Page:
A watershed is an area of land where all of the water and precipitation that it contains (including underground) drains off it and goes into a central place. Watersheds are not defined by political boundaries and come in all shapes and sizes. This water is vital to life and provides habitat to animals and plants and is essential to ecosystem processes. A watershed also contains cultures and practices of the people sustained by these ecosystem processes, but pollution can impair the health of our watersheds. Therefore, it is important to protect the quality of our watershed. – See more at: http://www.nature.org/ourinitiatives/regions/northamerica/unitedstates/indiana/journeywithnature/watersheds-101.xml#sthash.siXAU7Ba.dpuf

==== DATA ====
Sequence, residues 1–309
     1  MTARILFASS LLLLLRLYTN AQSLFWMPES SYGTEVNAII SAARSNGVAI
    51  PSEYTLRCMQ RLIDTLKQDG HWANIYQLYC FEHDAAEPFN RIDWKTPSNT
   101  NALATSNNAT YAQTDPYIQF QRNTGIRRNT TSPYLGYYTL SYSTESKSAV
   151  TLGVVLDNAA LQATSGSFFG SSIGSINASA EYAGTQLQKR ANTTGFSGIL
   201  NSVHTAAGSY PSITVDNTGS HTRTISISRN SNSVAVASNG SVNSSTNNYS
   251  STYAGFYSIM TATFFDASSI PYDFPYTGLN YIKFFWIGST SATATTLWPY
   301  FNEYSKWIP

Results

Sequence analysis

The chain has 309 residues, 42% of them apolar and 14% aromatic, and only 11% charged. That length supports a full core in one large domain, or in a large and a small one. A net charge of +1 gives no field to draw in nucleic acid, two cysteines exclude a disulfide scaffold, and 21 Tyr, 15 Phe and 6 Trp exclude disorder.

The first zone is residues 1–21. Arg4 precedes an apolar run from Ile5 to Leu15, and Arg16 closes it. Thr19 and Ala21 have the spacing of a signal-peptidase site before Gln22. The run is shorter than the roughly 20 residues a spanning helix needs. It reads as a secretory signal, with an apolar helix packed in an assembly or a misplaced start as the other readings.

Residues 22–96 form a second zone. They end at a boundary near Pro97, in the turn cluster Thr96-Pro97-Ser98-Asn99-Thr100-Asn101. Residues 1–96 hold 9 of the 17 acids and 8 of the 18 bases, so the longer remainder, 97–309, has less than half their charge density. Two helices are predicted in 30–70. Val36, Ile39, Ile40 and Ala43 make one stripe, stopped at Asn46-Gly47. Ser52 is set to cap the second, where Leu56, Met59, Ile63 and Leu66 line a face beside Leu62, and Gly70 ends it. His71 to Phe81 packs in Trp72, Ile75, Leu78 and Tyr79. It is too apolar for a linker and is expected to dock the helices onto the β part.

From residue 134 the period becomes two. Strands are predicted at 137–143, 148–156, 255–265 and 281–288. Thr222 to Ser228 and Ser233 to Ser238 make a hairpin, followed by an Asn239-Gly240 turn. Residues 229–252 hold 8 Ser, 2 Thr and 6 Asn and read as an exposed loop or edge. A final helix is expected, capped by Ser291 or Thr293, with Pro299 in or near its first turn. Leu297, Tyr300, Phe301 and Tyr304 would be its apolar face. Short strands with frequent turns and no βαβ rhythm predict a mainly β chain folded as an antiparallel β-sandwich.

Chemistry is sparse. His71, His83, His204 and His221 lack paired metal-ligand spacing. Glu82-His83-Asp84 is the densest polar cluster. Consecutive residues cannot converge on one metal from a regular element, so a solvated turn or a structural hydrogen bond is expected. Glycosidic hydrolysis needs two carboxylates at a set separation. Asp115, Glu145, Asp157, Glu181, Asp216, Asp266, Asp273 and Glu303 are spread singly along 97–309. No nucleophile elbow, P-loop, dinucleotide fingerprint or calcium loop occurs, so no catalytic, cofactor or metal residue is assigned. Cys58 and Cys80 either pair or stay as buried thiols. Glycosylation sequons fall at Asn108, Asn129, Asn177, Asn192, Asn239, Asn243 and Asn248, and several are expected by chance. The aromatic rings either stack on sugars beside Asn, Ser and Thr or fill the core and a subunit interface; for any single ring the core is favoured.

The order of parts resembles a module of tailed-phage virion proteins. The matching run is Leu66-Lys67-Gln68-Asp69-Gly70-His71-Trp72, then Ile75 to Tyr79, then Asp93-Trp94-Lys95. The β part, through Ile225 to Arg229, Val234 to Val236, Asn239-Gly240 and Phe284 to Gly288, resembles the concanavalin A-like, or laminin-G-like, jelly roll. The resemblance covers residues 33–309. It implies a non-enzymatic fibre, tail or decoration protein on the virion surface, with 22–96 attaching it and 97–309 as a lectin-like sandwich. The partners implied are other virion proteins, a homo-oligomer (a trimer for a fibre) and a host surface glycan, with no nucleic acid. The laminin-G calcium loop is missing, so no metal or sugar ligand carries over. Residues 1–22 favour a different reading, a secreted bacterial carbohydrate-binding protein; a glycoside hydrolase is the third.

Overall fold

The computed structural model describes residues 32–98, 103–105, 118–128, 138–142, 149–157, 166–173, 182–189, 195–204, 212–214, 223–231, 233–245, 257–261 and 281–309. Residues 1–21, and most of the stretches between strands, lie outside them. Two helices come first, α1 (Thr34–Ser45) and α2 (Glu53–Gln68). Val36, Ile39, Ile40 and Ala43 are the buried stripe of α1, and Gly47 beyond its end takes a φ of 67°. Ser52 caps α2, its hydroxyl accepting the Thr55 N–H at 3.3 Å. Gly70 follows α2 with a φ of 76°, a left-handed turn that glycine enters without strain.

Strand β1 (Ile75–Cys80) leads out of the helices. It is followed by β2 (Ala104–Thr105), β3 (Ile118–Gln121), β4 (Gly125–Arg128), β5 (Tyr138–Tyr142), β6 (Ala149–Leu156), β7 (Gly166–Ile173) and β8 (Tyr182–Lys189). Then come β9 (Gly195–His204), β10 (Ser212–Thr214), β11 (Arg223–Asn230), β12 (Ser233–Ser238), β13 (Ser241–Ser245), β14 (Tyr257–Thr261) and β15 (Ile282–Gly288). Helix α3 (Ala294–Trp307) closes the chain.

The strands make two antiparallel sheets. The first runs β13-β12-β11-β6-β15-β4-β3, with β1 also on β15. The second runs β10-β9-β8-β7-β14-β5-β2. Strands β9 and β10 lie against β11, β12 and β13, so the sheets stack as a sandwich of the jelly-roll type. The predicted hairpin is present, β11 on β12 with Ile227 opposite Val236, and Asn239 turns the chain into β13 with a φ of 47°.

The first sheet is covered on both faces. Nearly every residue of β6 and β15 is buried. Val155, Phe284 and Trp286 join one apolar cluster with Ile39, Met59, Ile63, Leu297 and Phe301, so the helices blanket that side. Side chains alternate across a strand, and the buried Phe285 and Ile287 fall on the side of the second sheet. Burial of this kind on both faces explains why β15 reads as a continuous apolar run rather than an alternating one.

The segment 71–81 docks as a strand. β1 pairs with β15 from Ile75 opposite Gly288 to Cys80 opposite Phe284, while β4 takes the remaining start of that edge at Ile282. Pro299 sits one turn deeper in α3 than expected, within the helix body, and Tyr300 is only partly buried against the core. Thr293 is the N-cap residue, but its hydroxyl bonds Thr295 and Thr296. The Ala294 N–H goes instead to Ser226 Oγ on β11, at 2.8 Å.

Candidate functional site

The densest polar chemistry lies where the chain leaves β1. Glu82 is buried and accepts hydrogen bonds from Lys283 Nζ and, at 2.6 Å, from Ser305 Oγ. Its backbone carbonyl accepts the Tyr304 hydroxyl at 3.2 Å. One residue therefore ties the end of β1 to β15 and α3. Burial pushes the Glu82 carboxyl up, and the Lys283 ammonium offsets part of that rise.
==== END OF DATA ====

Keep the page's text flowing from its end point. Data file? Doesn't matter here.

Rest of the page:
A floristic study inventories and documents all plant species within a given area (defined either naturally or politically), in order to understand the distribution, frequency, ecology, etc. of all species. In a floristic study, plants are collected as well as other metadata about the plant, such as it’s precise location, habitat, substrate, slope aspect, associated species etc. at each site where the collections are made. Plant collections involve removal of only enough plant material so as to be representative and necessary for identification and that can be preserved on herbarium sheets. In the case of rare plants, collections may be restricted to a single voucher. Floristics studies are important because they provide baseline information and data about the the current distribution and frequency of species. This type of information is needed for conservation efforts to identify and monitor which species are near extinction or endangered by indicating which areas of the world have high diversity. Floristic studies are also important in other fields of science including Systematics, Taxonomy, Ecology, Population Genetics, etc.